Artists of the Year

Hurricanes, war, avian flu, locust plagues, that annoying song you couldn't get out of your head. It wasn't the greatest of all possible years. Nor was it halfway decent. But to prove that it wasn't all bad, we asked 29 writers to rave about the ar

Quinton Skinner is a novelist and the theater critic at City Pages.

 

Ant (Anthony Davis)
By Peter S. Scholtes
The best scene in Walk the Line, the scene that kids will remember when they're finding their own voices as adults, is the one where Johnny Cash auditions at Sun Studios with a shaky rendition of a gospel tune, "I Was There When It Happened," and producer Sam Phillips turns him down mid-song. That stuff doesn't sell, Phillips says. People want something honest, something felt. If you got hit by a truck and you only had time to sing one song before you died, what would it be? Played dry as ice by Dallas Roberts, this is a Sam Phillips we've never seen before, a subdued, unsmiling mercenary instead of the inspirational whirlwind of old interview footage and Peter Guralnick books. He signals his approval only with a glint in his eyes, once Joaquin Phoenix's Cash, looking a little like an alien breathing oxygen for the first time, saves the audition by leading his trio through an impromptu performance of "Folsom Prison Blues."

Who knows whether Minneapolis hip-hop producer Ant has the same effect on rappers he works with--one of whom, Brother Ali, covers Cash's "A Boy Named Sue." Who knows whether everyone walked into Sun Studios a country boy and walked out a bad motherfucker. (The anecdote is at least half apocryphal: Cash didn't play "Folsom," but Phillips supposedly told him, "Go home and sin, and then come back with a song I can sell.'') All we really have is the evidence of our ears, and the evidence of the liner notes. This year, for Ant, these included his own cool DJ mix CD, Melodies and Memories 85-89, and production credits on three great albums in collaboration with rappers: Murs and Slug on Felt 2: A Tribute to Lisa Bonet; Slug under the name Atmosphere on You Can't Imagine How Much Fun We're Having; and I Self Devine on Self Destruction--all issued by the local label Rhymesayers. The latter two are exactly what Sam Phillips demanded: Self's "Can't Say Nothing Wrong" is a tribute to something realer than Lisa Bonet, a love song for women struggling with their own youth and kids, and shit jobs and groceries on the bus. Atmosphere's "Pour Me Another" is a tribute to addiction and the ultimate funky wallow. (It meets the oncoming truck with a smile.)

For one track, Ant provided ancient reggae and gurgling wah-wah guitar. For the other, a descending piano line. But if the role of producer is mysterious, the role of hip-hop impresario is doubly so. Working with other people's lyrics, assembling other people's long-ago-recorded music, Ant's art is ultimately harder to pin down than his live DJing (he stepped out of the studio this year to tour as a DJ with Atmosphere for the first time since they formed a decade ago). I don't know why "Smart Went Crazy" makes me feel like my smarts are going crazy, its disembodied guitar squeal meeting a sampled "Yeah!" over and over like a face to a slap, before ending in a harmonica shuffle that could be straight off an old Sun side. All I know is that I want to go home and sin.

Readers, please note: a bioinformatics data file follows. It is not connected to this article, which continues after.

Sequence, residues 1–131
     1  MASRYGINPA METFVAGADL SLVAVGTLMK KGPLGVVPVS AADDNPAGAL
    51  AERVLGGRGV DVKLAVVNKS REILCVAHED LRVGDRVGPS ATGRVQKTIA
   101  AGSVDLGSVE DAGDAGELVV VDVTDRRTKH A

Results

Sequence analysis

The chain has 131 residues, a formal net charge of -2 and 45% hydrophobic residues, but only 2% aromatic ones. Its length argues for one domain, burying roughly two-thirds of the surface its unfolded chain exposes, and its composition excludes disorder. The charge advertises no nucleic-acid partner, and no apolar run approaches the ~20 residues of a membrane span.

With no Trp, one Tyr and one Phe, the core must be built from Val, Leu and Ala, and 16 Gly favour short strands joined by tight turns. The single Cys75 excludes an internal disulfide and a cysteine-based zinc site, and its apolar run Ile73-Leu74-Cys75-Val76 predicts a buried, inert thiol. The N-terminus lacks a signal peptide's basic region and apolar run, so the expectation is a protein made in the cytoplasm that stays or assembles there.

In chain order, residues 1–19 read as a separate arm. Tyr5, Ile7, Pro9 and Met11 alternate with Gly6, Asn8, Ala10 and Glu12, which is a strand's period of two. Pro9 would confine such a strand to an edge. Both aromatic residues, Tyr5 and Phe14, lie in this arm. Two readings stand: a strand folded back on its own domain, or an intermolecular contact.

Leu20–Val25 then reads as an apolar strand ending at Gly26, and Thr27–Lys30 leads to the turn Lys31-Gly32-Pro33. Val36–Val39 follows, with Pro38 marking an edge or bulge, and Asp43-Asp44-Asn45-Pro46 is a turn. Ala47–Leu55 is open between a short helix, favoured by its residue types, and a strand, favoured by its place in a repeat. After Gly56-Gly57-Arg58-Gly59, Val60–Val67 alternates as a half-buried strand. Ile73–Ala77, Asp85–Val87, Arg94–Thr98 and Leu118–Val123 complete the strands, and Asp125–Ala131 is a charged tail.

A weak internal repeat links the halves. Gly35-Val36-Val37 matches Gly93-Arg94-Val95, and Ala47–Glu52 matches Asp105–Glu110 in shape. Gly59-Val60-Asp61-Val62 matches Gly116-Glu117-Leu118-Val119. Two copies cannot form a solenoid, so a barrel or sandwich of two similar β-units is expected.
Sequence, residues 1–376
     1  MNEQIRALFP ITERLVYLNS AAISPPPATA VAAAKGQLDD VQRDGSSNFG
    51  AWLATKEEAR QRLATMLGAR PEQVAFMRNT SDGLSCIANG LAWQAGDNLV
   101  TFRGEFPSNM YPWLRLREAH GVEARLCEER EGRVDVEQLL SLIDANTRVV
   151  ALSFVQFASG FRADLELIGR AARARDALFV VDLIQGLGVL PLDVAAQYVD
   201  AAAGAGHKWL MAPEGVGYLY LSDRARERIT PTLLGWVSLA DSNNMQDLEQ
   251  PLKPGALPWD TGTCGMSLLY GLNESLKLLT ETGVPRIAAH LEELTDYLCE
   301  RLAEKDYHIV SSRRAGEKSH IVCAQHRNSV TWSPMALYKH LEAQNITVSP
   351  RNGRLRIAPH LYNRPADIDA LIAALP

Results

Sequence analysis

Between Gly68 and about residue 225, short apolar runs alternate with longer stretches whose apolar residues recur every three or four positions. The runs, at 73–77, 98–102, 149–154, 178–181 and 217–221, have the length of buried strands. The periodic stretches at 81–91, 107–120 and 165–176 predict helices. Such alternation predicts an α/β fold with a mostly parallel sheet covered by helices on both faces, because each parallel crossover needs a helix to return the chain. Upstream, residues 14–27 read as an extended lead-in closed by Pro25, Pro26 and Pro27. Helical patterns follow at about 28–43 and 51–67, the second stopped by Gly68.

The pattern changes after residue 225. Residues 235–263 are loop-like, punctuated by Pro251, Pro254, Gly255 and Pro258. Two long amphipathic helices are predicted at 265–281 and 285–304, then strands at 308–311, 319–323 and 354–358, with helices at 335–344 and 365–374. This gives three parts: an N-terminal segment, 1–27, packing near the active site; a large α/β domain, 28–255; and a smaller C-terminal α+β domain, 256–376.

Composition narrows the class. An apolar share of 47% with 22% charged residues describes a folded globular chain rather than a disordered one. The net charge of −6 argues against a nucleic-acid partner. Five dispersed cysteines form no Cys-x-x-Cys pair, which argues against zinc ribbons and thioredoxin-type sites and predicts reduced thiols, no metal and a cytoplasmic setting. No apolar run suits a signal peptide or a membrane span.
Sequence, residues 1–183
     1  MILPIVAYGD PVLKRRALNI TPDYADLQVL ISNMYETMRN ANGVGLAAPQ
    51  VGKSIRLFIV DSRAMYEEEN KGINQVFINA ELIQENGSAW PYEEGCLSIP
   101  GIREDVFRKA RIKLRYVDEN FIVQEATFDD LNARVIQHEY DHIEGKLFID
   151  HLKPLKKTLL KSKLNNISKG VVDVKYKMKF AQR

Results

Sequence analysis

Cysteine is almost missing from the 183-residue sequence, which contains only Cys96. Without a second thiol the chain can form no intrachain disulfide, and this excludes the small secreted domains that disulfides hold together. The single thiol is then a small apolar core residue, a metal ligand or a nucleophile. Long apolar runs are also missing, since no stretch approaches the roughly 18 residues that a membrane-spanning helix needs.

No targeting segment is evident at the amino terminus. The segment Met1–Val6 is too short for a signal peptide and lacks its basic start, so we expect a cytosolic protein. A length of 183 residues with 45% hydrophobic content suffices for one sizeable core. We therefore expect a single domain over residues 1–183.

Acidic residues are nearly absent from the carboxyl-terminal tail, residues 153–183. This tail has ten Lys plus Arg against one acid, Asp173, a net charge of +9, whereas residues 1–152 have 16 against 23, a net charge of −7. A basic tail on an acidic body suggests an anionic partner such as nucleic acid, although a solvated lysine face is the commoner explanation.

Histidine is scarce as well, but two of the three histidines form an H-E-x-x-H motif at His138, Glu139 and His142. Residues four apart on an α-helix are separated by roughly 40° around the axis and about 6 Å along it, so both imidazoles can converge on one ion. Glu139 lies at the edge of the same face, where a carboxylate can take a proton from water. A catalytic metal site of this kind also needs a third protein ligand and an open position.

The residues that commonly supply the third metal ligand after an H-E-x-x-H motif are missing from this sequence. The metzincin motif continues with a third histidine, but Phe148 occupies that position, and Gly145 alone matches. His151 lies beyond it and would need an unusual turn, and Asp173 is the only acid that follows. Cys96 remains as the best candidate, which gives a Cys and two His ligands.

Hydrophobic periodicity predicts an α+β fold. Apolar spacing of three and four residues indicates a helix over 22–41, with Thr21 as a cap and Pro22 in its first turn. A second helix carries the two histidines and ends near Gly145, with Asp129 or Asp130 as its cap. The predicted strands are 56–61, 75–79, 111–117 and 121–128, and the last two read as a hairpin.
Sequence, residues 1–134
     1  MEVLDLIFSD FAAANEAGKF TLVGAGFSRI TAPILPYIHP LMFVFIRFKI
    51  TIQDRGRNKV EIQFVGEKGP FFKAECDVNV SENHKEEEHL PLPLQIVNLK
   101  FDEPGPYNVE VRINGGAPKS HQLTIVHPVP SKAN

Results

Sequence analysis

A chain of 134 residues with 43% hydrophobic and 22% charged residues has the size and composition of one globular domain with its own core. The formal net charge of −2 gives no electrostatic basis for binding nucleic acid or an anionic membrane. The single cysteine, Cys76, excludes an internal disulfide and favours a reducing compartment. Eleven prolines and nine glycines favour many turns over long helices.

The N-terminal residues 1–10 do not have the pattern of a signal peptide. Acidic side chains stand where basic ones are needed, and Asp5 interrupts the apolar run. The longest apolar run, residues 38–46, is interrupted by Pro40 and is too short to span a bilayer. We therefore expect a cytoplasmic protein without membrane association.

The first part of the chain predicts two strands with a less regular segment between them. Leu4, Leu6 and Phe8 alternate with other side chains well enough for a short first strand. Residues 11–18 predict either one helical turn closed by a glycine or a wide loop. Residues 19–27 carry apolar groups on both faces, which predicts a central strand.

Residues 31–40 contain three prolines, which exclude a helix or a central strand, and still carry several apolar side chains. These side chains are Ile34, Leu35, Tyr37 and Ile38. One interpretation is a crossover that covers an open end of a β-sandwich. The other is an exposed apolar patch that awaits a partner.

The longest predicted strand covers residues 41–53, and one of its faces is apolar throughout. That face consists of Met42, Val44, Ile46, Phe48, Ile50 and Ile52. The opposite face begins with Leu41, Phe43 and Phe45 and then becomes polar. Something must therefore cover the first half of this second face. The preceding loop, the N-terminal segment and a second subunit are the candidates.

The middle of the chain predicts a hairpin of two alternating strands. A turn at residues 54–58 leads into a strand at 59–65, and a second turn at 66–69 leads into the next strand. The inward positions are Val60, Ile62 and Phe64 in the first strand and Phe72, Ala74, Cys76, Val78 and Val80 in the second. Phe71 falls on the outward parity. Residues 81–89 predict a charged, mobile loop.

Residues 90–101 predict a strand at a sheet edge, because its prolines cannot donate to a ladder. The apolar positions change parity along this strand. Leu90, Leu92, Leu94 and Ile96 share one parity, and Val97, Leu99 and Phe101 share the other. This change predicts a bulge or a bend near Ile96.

Peter S. Scholtes is a staff writer at City Pages.

 

Noah Bremer and Jon Ferguson with the Live Action Set
By Caroline Palmer
Making theater about life during wartime presents a delicate balancing act for director and performer alike. Dwelling too long on death and destruction leads to a shell-shocked audience, but excessive levity seems inappropriate, disrespectful. This summer Live Action Set teamed up with performer Noah Bremer and director Jon Ferguson to create Please Don't Blow Up Mr. Boban, an original work about a café in the middle of a battle zone. Performed at the Soap Factory during the Fringe Festival (with a second run at the Loring Playhouse this fall), the show captured the extremes of humanity one would expect to encounter in such a situation: It asked tough questions and featured moments of haunting terror, but it also offered moments of sweet humor and exceptional grace.

Performed in the round, with many of the actors assuming multiple roles, the show was about Mr. Boban, a café owner portrayed by the immensely likable and physically elastic Bremer, who effortlessly inserted clowning into his performance. His antic interactions at the beginning of the show with the equally winning Robert Haarmon provided a poignant contrast to the darker moments to come. I was too stunned at the end of this show to clap immediately. The sadness of the final scene was overwhelming, and it took a moment to recover--and then jump to my feet. Ultimately this was a performance about how life can be affirmed, even celebrated, in the midst of adversity. Many who have survived such experiences have done so by relying on their wit and clinging to their humanity, even in the smallest ways. Please Don't Blow Up Mr. Boban beautifully illustrated this potential while at the same time realistically portraying the horror and absurdity of war.

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